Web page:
Airbusand Boeingare bracing themselves for a challenging 2017 after struggling to reach sales targets in the past year.
Later this month the two companies will reveal the final tally for last year’s orders and deliveries, but both look set to fall short of their goal of achieving a book to bill of about one — essentially replacing almost every aircraft delivery with a new order. This would be the first time since 2009 that either aircraft maker has fallen below the threshold of one, according to aerospace analyst Rob Stallard of Vertical Research Partners.
“Airline demand indicators are easing,” he said in a recent note to clients. “We could be near or past the peak in this upcycle.”
Neither company is including the recent multibillion-dollar orders from IranAir as firm sales, although contracts were signed in mid-December.
By December 20, Boeing had 470 orders net of cancellations, against expected deliveries of about 750 aircraft. That compares with 868 net orders in 2015 and 762 deliveries. Airbus had net orders of 410 at the end of November, against 1,185 in 2015, with an order for five more A320 single-aisle aircraft announced last month. It had delivered 577 aircraft by the end of November, against a goal of 670 and 635 in 2015.
On a brighter note, a late December push will bring Airbus very close to its 2016 target of delivering 50 of its newest twin aisle, the A350 mid-range jet.
Having delivered 34 by the end of November, the company is expected to have delivered 48-49 of the passenger jets by December 31, according to Sandy Morris, aerospace analyst at Jefferies, the investment bank. The impact of missing the A350 delivery target will be minimal, he said.
“You can say they missed the delivery target or you can look at it and say the A350 has gone into service with six or seven airlines and it seems to be performing absolutely fine,” he said. “That is the most important thing.”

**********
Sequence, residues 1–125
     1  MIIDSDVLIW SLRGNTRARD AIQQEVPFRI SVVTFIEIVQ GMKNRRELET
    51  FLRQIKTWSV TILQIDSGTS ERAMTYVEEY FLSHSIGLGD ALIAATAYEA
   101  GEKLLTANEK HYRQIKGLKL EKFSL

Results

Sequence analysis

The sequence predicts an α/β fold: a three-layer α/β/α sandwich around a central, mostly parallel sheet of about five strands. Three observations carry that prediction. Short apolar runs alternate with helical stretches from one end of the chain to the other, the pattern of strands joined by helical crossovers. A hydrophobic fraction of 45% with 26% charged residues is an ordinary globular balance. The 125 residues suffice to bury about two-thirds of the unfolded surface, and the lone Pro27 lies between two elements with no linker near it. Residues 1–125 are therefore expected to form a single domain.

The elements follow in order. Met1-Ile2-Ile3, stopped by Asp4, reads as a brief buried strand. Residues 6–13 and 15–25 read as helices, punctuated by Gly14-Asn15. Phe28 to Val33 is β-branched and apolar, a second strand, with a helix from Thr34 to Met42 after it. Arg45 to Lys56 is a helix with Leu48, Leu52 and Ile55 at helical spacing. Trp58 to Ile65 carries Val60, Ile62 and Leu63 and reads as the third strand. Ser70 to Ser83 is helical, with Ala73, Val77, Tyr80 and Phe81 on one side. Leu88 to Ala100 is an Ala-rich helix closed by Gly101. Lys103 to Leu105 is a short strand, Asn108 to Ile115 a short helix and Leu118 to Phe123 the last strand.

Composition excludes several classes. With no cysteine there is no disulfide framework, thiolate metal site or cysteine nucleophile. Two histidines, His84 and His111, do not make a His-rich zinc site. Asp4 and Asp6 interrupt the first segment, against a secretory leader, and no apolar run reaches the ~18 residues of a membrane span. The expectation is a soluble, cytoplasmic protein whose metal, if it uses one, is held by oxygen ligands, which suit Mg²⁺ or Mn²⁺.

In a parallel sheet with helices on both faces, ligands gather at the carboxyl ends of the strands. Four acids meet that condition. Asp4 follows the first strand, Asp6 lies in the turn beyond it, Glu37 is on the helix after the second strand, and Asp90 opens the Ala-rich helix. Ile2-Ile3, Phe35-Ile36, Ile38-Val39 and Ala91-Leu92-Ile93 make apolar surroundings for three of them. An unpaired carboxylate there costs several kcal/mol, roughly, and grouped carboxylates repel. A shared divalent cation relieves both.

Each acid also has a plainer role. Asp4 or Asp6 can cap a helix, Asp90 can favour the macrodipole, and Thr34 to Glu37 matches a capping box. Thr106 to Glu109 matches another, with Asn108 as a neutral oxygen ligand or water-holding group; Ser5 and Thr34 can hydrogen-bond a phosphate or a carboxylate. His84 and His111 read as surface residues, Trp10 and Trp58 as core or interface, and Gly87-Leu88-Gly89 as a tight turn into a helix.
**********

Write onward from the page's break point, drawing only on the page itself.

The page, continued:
Deliveries of the A350 were held up earlier this year because of difficulties with French cabin supplier Zodiac. However, one big Airbus supplier said the problems with lavatory doors and passenger seats appeared to have been overcome by early December and management at the aircraft maker’s Toulouse headquarters were “sounding pretty bullish”.
The group is also struggling to catch up on deliveries of its new A320neo aircraft, after difficulties with engine supplier Pratt & Whitney, and has had to step up deliveries of its existing generation A320 to compensate.
While deliveries are expected to accelerate in 2017, the industry is preparing for a slowdown in orders as airlines adjust to rising oil prices and a deceleration of passenger traffic growth. Iata, the airline industry lobby group, is forecasting traffic in 2017 to slow from this year’s 5.9 to 5.1 per cent, while capacity is still showing signs of growing more quickly at 5.6 per cent. However, that is still a slowdown on 2016’s 6.2 per cent expansion.
The rate of deferrals and cancellations also appears to be picking up. United Continental announced last month that it would defer 61 Boeing 737 deliveries from 2017-2018 while Southwest has also pushed back delivery of more than 60 737 single-aisle jets.
If enough airlines follow suit, it could have an impact on longer-term profit expectations for Boeing and Airbus.
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